Not a Dangerous Liaison

Liaison Technology releases C4 that's not explosive

AUSTIN, TEXAS  March 12, 2001  Liaison Technology, a provider of infrastructure software products that manage catalog content for online commerce, today announced the Catalog Content for Collaborative Commerce (C4) Architecture. The C4 architecture is Liaison's approach to solving a serious obstacle faced by companies trying to increase online revenue. Current methods for building and maintaining electronic catalogs of product information are slow, costly and labor-intensive.


The Liaison C4 Architecture defines how manufacturers, distributors and marketplaces can increase e-commerce revenue through the automation and management of electronic catalog content. It serves as the foundation for Liaison's solutions for aggregating, managing and syndicating catalog content for e-commerce platforms. The open architecture enables the development by third-party suppliers of extensible applications that work with Liaison's products to ease the flow of catalog content up and down the supply chain.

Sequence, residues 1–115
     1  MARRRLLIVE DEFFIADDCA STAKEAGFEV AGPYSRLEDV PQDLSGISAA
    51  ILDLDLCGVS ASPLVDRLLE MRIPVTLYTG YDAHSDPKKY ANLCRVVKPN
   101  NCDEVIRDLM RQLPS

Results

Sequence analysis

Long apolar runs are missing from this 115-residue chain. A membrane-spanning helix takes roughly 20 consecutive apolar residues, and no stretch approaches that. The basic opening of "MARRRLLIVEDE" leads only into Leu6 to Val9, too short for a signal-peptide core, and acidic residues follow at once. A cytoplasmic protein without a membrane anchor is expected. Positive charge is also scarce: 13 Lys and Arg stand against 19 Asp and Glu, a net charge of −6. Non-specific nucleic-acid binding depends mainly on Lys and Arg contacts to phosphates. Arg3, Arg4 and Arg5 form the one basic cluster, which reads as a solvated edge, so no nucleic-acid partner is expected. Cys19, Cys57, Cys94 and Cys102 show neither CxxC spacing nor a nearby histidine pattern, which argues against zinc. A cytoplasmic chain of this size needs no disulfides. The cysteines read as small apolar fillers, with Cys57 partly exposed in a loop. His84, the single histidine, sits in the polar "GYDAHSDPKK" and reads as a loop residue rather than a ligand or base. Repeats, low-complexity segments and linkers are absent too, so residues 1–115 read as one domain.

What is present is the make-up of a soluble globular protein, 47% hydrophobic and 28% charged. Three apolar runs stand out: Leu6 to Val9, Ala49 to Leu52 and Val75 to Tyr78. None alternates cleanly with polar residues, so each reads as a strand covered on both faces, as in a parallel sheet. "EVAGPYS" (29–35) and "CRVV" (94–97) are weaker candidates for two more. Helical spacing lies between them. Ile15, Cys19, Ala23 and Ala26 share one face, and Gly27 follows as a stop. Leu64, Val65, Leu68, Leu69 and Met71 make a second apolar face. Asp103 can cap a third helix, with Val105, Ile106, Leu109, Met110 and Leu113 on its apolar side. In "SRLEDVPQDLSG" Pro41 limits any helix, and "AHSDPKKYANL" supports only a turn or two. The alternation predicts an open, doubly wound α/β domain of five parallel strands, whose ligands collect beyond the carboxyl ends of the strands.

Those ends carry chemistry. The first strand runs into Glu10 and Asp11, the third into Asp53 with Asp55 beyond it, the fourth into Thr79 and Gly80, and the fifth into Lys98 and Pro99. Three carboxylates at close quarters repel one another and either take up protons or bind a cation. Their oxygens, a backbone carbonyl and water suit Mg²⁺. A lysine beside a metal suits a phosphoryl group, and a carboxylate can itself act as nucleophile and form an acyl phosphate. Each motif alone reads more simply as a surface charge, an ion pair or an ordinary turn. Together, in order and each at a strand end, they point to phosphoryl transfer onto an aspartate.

"With its C4 architecture, Liaison demonstrates that it understands and can support the requirements for automating and streamlining the entire catalog content management process," said Tim Minahan, director of e-business research at Aberdeen Group. "With this month's release of the Liaison Content Exchange 3.0 and Liaison Content Syndicator 1.0, Liaison is quickly delivering the components of a very comprehensive solution that could dramatically lessen the burdens associated with catalog management and fill the gaps of many existing e-commerce and content solutions."


Using the C4 architecture as a foundation, Liaison is developing software solutions to automate critical aspects of catalog content management. These include gathering transactive and descriptive content from various sources; transforming and rationalizing this content into a searchable product database; customizing and syndicating (publishing) the content in numerous XML formats to leading e-commerce platforms; and providing application program interfaces (APIs) so third-party developers can provide value-added solutions, and so the catalog content process can be integrated with other mission-critical enterprise systems such as Enterprise Resource Planning and Customer Resource Management applications. 

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